• Give parents information on the proper way / correct in giving good food.
  • Provide good nutrition in children with good nutrition.
2. Encourage parents to check their hearing and vision regularly.

3. Assess understanding parents about down syndrome.
  • Give an explanation to parents about the child's condition.
  • Give information to parents about the care of children with down syndrome.
4. Motivation of parents to:
  • Provide opportunities for children to play with the same age child to easily socialize.
  • Provide flexibility / freedom to children fatherly expression.
5. Give the motivation in the elderly in order to provide an adequate environment for children.
  • Encourage the participation of parents in giving motor exercises and instructions so that children are able to speak.
  • Encourage the parents to give children practice in their daily activities.


Evaluation
1. There is no difficulty in feeding the child. Child so that the child gets adequate nutrition and adequate.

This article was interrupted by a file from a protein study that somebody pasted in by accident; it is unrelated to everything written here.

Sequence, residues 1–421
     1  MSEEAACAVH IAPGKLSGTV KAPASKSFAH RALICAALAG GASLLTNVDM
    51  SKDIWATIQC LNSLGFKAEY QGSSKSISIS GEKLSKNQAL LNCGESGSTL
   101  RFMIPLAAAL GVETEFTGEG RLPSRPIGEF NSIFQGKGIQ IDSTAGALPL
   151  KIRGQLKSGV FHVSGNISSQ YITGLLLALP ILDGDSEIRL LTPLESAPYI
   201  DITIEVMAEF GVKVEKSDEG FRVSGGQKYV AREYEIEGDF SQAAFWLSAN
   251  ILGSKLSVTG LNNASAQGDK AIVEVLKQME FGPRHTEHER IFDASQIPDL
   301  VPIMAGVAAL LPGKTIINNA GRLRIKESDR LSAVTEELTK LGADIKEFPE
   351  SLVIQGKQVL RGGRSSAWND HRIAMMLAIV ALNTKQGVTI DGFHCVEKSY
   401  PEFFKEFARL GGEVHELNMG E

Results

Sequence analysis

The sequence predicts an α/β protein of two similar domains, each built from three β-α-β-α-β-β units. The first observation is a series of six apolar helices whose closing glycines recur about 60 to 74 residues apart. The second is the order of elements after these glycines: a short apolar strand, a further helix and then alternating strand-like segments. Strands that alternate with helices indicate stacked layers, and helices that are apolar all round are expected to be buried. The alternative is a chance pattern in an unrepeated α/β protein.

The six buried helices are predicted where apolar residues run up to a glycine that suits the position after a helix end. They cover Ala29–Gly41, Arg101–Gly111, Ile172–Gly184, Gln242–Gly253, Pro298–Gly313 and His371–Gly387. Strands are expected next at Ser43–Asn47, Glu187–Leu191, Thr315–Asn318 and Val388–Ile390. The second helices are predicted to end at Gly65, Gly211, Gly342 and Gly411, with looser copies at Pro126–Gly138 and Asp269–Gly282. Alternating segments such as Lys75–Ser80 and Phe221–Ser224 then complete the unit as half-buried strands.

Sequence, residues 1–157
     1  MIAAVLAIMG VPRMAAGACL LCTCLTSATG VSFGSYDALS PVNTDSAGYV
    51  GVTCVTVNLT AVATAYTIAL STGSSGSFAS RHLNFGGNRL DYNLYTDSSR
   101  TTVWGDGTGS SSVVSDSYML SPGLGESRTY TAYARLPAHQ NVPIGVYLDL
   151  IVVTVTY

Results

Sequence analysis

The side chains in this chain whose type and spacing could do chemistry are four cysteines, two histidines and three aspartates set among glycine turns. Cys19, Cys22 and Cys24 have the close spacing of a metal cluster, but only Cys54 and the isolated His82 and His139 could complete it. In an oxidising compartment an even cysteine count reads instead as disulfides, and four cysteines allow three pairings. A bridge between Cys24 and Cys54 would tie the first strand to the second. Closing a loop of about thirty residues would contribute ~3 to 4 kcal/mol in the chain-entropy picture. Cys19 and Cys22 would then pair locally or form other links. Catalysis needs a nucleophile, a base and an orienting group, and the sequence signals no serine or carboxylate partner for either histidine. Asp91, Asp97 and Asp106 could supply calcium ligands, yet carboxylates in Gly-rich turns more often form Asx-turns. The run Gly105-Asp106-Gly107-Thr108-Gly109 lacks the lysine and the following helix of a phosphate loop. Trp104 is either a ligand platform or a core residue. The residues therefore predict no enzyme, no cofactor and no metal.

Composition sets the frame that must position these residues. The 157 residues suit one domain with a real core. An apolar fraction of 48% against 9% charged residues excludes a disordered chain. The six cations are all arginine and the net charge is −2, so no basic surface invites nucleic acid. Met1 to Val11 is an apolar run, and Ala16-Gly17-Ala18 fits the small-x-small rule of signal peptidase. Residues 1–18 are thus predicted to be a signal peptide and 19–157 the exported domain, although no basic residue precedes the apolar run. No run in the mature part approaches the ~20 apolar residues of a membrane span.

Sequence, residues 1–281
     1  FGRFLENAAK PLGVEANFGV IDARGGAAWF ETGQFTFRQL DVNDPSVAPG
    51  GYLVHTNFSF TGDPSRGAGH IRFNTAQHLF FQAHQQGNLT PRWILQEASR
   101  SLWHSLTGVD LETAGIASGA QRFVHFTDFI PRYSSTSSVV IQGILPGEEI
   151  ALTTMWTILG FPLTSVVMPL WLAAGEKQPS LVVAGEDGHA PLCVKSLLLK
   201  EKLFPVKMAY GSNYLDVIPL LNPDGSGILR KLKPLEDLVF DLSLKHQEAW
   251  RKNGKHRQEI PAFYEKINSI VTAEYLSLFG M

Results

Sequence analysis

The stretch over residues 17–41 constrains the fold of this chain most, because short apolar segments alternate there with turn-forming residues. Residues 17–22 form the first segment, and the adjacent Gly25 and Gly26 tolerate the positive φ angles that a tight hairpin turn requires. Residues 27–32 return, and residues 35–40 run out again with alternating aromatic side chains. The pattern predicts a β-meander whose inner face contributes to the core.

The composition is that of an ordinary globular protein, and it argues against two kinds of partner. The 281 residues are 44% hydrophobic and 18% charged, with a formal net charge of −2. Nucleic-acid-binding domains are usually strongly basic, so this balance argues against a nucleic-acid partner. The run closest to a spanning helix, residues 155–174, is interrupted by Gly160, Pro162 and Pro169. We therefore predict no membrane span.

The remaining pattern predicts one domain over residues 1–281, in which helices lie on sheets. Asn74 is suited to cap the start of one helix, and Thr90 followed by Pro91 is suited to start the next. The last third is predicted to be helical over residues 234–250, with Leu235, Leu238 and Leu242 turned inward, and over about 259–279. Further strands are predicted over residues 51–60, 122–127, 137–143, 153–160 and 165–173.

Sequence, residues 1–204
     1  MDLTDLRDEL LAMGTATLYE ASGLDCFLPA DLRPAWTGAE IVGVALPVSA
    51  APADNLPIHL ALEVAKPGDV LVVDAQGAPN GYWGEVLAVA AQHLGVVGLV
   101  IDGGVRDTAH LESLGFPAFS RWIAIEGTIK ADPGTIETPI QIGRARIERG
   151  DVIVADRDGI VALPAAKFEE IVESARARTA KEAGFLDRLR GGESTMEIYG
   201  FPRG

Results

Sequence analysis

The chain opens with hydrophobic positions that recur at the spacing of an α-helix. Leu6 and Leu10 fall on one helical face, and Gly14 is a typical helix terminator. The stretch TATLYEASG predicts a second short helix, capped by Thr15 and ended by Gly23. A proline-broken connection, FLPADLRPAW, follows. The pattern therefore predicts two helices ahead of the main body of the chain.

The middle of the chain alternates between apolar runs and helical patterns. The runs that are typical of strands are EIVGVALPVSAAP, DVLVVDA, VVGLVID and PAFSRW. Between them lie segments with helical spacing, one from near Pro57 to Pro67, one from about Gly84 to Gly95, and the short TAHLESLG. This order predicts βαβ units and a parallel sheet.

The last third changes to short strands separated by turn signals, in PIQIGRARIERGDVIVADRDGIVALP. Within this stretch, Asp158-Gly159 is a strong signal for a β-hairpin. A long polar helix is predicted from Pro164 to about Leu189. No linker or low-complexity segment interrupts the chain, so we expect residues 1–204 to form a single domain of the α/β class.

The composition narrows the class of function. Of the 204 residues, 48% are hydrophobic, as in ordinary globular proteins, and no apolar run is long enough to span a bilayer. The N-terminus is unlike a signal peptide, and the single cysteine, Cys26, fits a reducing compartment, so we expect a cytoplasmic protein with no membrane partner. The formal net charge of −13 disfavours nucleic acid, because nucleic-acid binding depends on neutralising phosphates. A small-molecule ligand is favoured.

2. Hearing and vision of the child can be detected early and can be evaluated on a regular basis.
3. Families participate actively in the care of children with down syndrome either.
4. Children are able to socialize and interact well so that children can build relationships with other people do not feel insecure.

Bronchopneumonia - Nursing Diagnosis, Interventions and Evaluation

Nursing Diagnosis and Interventions for Bronchopneumonia -

1. Ineffective airway clearance related to accumulation of secretions.

Goal: Airway clearance back effectively.

Outcomes: secretions can come out.

Interventions: